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TRC issues final report

Canada vows to do more than report calls for

 

Last updated 1/16/2016 at 11:22am

TRC

After six years of research, emotionally painful sharing, and months of writing, Justice Murray Sinclair looks at the volumes which make up the Truth and Reconciliation's final report on Canada's residential school system. Sinclair then presented the report to Prime Minister Justin Trudeau. "We need nothing less than a total renewal of the relationship between Canada and Indigenous peoples," Trudeau said. "I give you my word that we will renew and respect that relationship."

OTTAWA, ON-After six years of grueling research, hours of emotional sharing, and months of writing, Justice Murray Sinclair presented the Truth and Reconciliation's final report on Canada's residential school system.

Prime Minister Justin Trudeau stated in his speech before the assembly that his government will do over and above what the TRC recommendations call for.

"We need nothing less than a total renewal of the relationship between Canada and Indigenous peoples," Trudeau told the crowd at the convention hall in downtown Ottawa.

"I give you my word that we will renew and respect that relationship."

The TRC commission included 94 recommendations. During the recent election campaign, Trudeau promised that if his party formed government, they would take action on all those recommendations.

The ceremony at the release of the final report shows that there seems to be a new relationship between Ottawa and Aboriginal peoples.

Eight years ago when the United Nations Declaration of Rights for Indigenous People (UNDRIP) was adopted, Canada did not sign on to that agreement. Because it is not a legal document and no nation is being held accountable, it was seen as a symbolic document. Canada did not like the language of that declaration, so it refused to sign the document both in 2007 and 2014.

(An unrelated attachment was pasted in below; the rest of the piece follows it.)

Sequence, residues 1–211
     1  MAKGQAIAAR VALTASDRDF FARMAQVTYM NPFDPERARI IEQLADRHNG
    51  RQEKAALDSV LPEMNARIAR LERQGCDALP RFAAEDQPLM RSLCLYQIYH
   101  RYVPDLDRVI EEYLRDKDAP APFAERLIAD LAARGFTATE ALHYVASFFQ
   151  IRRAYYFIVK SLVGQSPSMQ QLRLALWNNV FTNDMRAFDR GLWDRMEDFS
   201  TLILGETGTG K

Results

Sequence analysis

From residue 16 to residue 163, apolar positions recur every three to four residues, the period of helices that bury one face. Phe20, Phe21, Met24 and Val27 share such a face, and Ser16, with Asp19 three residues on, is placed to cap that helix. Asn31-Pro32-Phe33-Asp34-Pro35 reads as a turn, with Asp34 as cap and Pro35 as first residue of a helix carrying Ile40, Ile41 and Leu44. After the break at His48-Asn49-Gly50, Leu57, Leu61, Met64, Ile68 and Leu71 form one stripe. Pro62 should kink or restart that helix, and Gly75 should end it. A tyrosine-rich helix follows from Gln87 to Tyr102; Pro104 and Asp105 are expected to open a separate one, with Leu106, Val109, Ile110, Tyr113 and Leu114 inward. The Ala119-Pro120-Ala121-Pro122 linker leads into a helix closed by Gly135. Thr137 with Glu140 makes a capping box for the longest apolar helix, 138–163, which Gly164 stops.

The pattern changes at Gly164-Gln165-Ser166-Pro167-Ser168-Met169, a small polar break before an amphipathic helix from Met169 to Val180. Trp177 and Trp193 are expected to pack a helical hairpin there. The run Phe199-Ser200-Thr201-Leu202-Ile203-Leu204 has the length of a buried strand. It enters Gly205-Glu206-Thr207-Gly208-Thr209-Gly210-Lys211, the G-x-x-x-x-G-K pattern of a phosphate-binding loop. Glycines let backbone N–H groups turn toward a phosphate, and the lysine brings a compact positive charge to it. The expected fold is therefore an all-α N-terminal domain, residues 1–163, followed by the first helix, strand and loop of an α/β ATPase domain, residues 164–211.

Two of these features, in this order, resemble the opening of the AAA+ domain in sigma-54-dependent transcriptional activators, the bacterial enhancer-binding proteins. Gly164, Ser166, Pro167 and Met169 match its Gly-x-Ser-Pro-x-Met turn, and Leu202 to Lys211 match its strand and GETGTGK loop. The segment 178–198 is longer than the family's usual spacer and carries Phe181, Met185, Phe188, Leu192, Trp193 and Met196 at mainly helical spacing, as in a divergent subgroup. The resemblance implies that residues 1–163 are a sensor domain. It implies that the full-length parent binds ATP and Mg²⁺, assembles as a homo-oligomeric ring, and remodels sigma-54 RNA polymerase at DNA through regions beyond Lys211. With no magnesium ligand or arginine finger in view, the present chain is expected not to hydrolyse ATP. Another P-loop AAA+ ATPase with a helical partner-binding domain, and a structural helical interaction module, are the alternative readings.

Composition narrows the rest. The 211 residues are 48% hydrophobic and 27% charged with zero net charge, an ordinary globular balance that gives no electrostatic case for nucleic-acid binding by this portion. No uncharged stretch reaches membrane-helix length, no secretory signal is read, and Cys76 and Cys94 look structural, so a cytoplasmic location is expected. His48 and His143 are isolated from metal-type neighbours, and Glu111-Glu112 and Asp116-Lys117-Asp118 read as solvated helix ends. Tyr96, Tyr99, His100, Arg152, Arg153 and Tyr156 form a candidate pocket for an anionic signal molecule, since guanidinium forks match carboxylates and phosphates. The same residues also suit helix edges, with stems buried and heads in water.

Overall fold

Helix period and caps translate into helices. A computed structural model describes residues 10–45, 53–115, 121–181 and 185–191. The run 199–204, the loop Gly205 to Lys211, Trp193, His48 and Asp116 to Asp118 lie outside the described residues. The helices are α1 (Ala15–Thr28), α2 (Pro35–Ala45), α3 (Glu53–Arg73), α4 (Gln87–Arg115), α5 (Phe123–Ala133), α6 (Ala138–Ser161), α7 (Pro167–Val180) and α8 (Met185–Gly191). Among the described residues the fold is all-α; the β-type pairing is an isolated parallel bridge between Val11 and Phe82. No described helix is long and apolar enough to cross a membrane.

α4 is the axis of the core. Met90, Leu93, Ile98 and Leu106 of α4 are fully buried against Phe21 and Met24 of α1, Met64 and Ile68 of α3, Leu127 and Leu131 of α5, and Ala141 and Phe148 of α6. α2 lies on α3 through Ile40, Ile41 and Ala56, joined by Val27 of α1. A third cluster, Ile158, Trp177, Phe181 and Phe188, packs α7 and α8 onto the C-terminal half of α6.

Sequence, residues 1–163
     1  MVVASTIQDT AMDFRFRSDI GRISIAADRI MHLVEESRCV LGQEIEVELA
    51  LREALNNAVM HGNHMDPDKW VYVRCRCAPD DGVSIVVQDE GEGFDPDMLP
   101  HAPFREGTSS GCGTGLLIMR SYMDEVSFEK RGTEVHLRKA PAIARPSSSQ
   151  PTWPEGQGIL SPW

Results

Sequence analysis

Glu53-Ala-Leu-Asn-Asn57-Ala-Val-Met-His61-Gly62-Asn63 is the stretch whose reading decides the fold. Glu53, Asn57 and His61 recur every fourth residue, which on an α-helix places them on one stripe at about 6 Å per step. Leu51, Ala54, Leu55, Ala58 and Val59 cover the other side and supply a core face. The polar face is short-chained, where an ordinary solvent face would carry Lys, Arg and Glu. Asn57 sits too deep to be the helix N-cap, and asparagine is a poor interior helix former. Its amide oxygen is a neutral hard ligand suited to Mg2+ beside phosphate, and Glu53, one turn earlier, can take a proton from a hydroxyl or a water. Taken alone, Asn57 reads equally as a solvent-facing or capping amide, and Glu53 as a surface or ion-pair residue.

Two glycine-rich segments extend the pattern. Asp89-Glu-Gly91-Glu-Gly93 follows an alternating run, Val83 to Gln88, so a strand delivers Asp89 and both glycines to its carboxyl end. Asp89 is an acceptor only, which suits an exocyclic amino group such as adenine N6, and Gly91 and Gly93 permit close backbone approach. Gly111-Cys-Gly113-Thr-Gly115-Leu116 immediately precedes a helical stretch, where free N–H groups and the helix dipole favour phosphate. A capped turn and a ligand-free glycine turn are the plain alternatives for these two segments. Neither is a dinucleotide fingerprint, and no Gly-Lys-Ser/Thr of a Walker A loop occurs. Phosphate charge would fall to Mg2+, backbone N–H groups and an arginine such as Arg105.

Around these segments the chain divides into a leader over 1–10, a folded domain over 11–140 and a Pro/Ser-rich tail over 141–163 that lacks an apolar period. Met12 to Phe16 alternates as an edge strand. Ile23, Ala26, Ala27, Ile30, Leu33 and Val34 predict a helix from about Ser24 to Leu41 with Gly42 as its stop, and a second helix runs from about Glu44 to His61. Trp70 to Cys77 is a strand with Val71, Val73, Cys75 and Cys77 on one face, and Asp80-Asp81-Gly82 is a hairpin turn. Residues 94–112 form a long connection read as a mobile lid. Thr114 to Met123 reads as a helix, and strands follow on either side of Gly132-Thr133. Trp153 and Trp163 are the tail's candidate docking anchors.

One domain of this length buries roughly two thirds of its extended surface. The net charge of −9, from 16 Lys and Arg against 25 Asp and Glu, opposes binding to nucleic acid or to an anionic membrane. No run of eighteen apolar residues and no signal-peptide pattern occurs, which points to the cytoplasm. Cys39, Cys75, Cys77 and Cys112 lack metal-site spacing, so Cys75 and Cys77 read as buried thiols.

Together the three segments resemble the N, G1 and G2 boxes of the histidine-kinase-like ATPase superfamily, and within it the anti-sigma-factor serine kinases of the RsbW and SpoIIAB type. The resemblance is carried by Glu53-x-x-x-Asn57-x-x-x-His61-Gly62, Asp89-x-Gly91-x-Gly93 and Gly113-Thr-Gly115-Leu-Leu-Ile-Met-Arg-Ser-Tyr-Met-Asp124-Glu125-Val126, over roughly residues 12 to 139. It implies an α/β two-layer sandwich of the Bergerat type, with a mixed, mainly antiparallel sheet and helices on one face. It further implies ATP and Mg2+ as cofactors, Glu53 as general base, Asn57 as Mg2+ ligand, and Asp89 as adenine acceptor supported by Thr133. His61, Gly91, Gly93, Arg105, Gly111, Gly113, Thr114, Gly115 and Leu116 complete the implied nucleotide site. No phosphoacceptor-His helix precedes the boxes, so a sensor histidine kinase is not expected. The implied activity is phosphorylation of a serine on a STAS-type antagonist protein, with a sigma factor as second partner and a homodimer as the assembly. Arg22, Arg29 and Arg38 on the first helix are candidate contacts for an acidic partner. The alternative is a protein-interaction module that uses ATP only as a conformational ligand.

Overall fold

When the TRC issues its executive summary of the final report, then prime minister Stephen Harper said that endorsing the declaration would not be necessary because "Canada is one of the very few countries in the world where Aboriginal treaty rights are fully recognized in our Constitution."

Just recently, the new minister for Indigenous and Northern Affairs, Carolyn Bennett, stated that the government would fulfill its promise in endorsing the UNDRIP and rebuild its relationship with Aboriginal peoples.

The Liberal government of Justin Trudeau has begun a national inquiry into missing and murdered Aboriginal women and young girls in Canada. In early December, it outlined the plan of meeting with the families of these missing women and girls and then in March, it will proceed to a second phase.

In 2008 when Prime Minister Stephen Harper stood in the House of Commons and apologized to First Nations leaders and people, this apology was made public and it was agreed upon by all three major political parties. "I stand before you, in this chamber so central to our life as a country, to apologize to Aboriginal peoples for Canada's role in the Indian Residential Schools system."

Now with a new government in place, once again we have more symbolism. When the final report was delivered to Prime Minister Trudeau, it was an emotional time for him as well as the hundreds of survivors of residential schools and those who worked tirelessly over the last six years to complete this report.

Indigenous peoples wait to see if, once again, the government moves past the symbolism and takes definitive action to further the healing process of truth and reconciliation. y

 
 

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